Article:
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I often play a flight simulator game Infinite Flight (http://www.infinite-flight.com) on my iPhone. The game lets you choose the following suffixes with your call sign.

  1. Heavy
  2. Super
  3. Flight of 2
  4. Flight of 4
  5. Flight of 5
  6. Flight of 6
  7. Flight of 7
  8. Flight of 8
  9. Flight of 9
  10. Flight of 10

I am aware what "Heavy" means but now aware about the rest. Can someone let me know?

Thanks

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  • $\begingroup$ you may rather like to ask this question here $\endgroup$
    – anshabhi
    Oct 9 '15 at 6:20
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Heavy - all aircraft with maximum take-off weight greater than 300,000lbs (whether or not they're operating at that weight) It's to highlight to the controller that wake turbulence could be a problem for a following aircraft.

Super - Airbus A380: As for 'Heavy', but more so.

Flight of X - All the rest relate to groups or formations containing that number of aircraft.

These originate in the FAA regulations and are summarised on Wikipedia

There are a number of other unusual suffixes including 'Concorde' (used only by British Airways for the now retired Concorde), Lifeguard (for medical flights), and others

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  • $\begingroup$ what about the rest. $\endgroup$
    – Ank
    Oct 9 '15 at 3:24
  • $\begingroup$ I quote: 'All the rest relate to groups or formations containing that number of aircraft.' $\endgroup$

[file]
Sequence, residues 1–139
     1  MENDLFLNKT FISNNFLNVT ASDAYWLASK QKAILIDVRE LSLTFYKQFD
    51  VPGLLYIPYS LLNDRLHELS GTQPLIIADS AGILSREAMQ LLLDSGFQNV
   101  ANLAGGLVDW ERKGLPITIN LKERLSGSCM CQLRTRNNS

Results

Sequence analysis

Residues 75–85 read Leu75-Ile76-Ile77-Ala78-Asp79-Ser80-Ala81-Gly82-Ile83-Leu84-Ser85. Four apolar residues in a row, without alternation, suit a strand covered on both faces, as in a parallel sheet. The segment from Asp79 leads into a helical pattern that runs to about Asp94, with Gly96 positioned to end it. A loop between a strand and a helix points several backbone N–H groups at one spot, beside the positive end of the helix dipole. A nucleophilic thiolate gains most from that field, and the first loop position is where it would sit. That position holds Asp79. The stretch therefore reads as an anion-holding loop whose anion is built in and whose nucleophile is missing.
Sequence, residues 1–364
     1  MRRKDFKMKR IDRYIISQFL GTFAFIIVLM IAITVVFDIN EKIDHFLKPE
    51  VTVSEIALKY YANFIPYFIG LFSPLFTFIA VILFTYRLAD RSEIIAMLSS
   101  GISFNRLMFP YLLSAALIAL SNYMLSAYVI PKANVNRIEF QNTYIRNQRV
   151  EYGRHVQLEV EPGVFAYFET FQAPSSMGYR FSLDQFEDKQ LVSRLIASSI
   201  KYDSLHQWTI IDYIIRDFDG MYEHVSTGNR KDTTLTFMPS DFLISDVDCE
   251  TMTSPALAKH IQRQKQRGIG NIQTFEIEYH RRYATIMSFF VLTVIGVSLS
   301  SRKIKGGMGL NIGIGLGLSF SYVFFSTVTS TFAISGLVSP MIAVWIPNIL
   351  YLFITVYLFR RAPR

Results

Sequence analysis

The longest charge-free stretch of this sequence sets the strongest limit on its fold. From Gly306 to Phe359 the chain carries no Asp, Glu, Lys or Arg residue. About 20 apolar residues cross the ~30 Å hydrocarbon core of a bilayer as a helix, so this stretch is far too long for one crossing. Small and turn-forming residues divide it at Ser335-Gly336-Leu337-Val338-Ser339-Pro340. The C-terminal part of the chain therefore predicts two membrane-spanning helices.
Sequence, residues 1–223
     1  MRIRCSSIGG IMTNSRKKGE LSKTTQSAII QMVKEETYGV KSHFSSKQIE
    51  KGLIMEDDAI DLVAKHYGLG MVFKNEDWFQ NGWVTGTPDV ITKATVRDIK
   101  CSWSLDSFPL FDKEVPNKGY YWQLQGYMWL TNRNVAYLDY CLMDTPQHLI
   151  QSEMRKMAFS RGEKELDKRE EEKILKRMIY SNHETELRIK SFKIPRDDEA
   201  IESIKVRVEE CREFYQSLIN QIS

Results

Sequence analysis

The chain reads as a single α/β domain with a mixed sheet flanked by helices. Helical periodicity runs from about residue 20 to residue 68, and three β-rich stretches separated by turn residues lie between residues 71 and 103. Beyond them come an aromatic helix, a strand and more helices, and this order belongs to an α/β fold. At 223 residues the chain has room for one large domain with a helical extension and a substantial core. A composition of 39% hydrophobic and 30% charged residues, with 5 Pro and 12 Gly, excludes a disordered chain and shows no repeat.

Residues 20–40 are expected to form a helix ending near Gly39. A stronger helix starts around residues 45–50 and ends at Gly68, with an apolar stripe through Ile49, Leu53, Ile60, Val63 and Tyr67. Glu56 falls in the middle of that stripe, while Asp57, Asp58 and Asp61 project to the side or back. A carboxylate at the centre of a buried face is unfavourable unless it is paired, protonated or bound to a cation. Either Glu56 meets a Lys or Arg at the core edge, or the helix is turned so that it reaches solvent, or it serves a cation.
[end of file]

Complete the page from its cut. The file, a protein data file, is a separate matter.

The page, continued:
– user11516
    Oct 9 '15 at 3:29
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    $\begingroup$ Commercial aeroplanes are subject to all sorts of rules regarding separation, so it's unlikely they'd ever use 'Flight of...'. A flying club rally might consist of several light aircraft on some sort of social event and might fly together. $\endgroup$
    – user11516
    Oct 9 '15 at 3:42
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    $\begingroup$ @Ank: There already is a question about that here. But yes, the Super suffix was originally created for the A380, but it makes no sense to not apply it to the An-225, which has a similar wake. $\endgroup$ Oct 9 '15 at 6:37
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    $\begingroup$ @Ank, in passenger operation they would not be allowed to, but for presentation purposes Airbus did it with A350s. Note that since formation flight relies on all the other pilots seeing the leading aircraft, it basically can only be done under VFR. $\endgroup$
    – Jan Hudec
    Oct 9 '15 at 8:34

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